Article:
“Civilisation”, or what passes for it in the Medway Valley, was winding down for the night, as we abandoned the car in a lane chosen for its proximity to our target, whilst still being, sort of, a built-up area. We headed up the lane, a party clearly on the go in someone’s garage and garden. Jeers directed at our rucksack-laden backs from locals swigging tasteless lager.
We climbed up onto the North Downs escarpment, threading our way along a path through the woods that are such a feature of this part of Kent. We ducked under low-hanging branches and wriggled our way around fallen trunks.
At the top we emerged into a field, and it looked a likely candidate for spending the night. We explored the far corner away from the paths, wading our way through overgrown grasses and dandelions, stepping carefully over the old ruts beneath. It would do, and would give us some daylight compared with pushing onto the uncertainty of the original intended spot.
We selected a pitch, and up went the shelters – for me, Matilda, my Hexpeak, and for the Boy, Mabel, the HiGear Soloista. We camped among the grasses, long stems and dandelion stalks obscuring the view of the tents.
On went dinner, the traditional Official Annual Birthday Camp meal of sausages in rolls, washed down with bottles of cider. The Boy retired to his tent, and I recoiled from the slugs invading Matilda. One on my mug, on the groundsheet, making a beeline for the food.
On a sunless evening, gradually the greyish-white sky turned dark and it was time for bed.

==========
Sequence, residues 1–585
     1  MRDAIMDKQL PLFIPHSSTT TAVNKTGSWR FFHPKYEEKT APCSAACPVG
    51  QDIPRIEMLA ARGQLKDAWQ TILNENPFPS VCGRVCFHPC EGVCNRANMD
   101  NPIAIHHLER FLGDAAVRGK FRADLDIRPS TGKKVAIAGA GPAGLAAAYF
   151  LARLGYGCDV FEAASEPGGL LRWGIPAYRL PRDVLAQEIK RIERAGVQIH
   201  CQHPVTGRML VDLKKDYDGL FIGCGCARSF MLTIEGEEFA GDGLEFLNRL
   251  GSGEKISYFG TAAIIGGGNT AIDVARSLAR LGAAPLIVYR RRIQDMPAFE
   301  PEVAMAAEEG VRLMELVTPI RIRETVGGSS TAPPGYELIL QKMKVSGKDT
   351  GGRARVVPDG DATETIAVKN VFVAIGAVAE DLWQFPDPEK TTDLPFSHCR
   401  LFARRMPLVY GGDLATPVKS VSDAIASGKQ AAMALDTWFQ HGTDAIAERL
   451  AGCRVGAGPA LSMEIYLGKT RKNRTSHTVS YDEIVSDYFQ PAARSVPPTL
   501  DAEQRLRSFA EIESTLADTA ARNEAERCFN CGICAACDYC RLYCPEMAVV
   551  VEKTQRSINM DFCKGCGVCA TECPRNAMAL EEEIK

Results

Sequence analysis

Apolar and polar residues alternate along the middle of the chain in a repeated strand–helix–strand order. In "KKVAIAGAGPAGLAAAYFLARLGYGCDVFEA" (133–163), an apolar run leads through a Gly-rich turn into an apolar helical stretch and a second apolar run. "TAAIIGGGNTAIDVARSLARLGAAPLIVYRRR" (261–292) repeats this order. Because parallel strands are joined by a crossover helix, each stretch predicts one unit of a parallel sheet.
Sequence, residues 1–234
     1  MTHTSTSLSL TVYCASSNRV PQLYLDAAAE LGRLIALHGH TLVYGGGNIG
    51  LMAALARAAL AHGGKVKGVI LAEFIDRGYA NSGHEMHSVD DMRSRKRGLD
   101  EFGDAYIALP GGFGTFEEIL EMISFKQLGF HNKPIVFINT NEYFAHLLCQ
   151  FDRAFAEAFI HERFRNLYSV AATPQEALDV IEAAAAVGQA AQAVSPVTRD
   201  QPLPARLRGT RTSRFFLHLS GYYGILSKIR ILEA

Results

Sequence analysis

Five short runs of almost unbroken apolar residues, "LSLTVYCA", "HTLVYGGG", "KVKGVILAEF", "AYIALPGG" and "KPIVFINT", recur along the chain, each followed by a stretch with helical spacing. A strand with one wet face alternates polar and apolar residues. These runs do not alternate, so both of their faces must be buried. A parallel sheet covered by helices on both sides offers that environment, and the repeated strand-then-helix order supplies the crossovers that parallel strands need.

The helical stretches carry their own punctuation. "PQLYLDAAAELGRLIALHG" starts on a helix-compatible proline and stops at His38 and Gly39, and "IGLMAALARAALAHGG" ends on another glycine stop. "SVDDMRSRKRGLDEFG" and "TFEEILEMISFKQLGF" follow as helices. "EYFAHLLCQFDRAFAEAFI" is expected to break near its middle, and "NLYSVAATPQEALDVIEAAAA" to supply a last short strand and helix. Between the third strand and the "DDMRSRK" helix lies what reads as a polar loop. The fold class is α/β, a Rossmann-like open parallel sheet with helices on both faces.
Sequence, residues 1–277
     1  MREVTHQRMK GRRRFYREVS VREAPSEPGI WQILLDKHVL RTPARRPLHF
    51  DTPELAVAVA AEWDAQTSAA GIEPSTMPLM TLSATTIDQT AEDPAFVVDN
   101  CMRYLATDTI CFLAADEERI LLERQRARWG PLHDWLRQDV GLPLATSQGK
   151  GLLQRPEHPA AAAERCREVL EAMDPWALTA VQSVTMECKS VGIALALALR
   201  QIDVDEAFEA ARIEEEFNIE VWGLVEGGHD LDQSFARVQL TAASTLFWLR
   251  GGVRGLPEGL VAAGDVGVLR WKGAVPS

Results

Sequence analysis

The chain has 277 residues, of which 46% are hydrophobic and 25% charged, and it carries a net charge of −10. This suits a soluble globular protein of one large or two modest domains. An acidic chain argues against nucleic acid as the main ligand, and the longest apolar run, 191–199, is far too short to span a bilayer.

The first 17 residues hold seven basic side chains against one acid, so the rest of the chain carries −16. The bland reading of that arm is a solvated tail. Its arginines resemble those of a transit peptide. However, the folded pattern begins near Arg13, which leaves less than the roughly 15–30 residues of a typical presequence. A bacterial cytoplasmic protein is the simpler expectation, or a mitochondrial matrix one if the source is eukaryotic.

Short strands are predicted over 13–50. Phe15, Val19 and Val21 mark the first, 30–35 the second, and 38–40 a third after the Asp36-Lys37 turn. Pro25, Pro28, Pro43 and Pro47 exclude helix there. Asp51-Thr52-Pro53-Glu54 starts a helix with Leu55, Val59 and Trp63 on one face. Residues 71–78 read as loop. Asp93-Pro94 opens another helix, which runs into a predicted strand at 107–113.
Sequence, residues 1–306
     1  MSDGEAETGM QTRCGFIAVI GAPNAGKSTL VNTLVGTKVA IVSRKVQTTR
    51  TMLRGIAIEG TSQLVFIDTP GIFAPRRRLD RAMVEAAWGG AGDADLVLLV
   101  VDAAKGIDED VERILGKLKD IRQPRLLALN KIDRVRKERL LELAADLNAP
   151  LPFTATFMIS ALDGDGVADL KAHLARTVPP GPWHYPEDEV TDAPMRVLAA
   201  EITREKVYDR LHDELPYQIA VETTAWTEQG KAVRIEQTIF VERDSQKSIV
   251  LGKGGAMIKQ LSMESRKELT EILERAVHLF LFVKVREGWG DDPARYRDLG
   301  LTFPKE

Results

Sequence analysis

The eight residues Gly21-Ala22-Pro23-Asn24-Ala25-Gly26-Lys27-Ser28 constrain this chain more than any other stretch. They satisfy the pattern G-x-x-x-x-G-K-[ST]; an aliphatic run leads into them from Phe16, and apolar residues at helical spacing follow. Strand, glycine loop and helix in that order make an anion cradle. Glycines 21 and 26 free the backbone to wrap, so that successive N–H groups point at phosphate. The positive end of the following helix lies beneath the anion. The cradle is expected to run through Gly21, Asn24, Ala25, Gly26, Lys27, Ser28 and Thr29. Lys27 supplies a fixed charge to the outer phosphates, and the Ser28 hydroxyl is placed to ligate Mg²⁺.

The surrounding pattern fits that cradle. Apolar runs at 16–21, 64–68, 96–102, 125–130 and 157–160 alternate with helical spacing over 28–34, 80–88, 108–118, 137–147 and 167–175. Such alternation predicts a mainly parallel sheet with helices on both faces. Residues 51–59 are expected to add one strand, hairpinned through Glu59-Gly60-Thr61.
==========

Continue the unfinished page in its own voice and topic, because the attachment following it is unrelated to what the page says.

Daylight crept into the tent, and I discovered a slug right above my face on the other side of the inner. That must be what the wet patch I felt was, then. The daddy of all slugs at the foot end of the inner. A slug wallowing in the congealed fat of the Trangia frying pan (I didn’t tell the Boy about that until after…), I helped it out and got breakfast on – remarkably similar to dinner, except it was bacon instead of sausages. Oh and tea instead of cider.
The early morning mist that lay low over the field enhanced the sense of being undiscovered and made it feel like a wilder place than it really was.
We packed up and headed deeper into the forest, a leg stretch before the short drive home. We followed rutted forest tracks used by the loggers and came to the corner of the field I’d originally been aiming for. It looked ok, but we’d taken the better field as it turned out.
We cut through the trees to join The Road to Nowhere, as I call it – a byway that I never intentionally walk, merely visiting it as a result of a wrong turning. We came to a junction at the corner of a larger field sliced up by pylons. Unobtrusively on a tree, lay the path marker. We’d arrived at the Junction of Doom, where it usually goes wrong.
Not today though: we headed back carwards along the byway and stayed on it until we hit the road proper, scouting out possible future camp spots as we walked. Soon we were back at the car and on our way home. June’s sleep out duly completed.